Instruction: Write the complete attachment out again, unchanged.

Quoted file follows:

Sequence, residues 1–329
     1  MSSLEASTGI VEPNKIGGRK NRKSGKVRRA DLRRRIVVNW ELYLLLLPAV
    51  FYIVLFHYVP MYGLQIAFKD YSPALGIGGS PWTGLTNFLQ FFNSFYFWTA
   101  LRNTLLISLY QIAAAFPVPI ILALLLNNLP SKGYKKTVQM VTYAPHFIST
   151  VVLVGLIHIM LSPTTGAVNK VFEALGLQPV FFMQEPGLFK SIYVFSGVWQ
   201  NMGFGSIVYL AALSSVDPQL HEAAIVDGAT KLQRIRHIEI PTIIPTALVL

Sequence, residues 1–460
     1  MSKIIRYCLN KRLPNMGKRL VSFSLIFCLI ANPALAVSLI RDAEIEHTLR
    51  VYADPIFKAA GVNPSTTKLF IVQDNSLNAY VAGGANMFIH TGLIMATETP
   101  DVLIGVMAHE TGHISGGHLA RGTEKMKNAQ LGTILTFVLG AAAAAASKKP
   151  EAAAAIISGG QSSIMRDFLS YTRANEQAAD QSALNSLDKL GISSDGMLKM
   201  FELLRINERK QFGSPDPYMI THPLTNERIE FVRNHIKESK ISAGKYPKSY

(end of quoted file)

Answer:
Sequence, residues 1–329
     1  MSSLEASTGI VEPNKIGGRK NRKSGKVRRA DLRRRIVVNW ELYLLLLPAV
    51  FYIVLFHYVP MYGLQIAFKD YSPALGIGGS PWTGLTNFLQ FFNSFYFWTA
   101  LRNTLLISLY QIAAAFPVPI ILALLLNNLP SKGYKKTVQM VTYAPHFIST
   151  VVLVGLIHIM LSPTTGAVNK VFEALGLQPV FFMQEPGLFK SIYVFSGVWQ
   201  NMGFGSIVYL AALSSVDPQL HEAAIVDGAT KLQRIRHIEI PTIIPTALVL

Sequence, residues 1–460
     1  MSKIIRYCLN KRLPNMGKRL VSFSLIFCLI ANPALAVSLI RDAEIEHTLR
    51  VYADPIFKAA GVNPSTTKLF IVQDNSLNAY VAGGANMFIH TGLIMATETP
   101  DVLIGVMAHE TGHISGGHLA RGTEKMKNAQ LGTILTFVLG AAAAAASKKP
   151  EAAAAIISGG QSSIMRDFLS YTRANEQAAD QSALNSLDKL GISSDGMLKM
   201  FELLRINERK QFGSPDPYMI THPLTNERIE FVRNHIKESK ISAGKYPKSY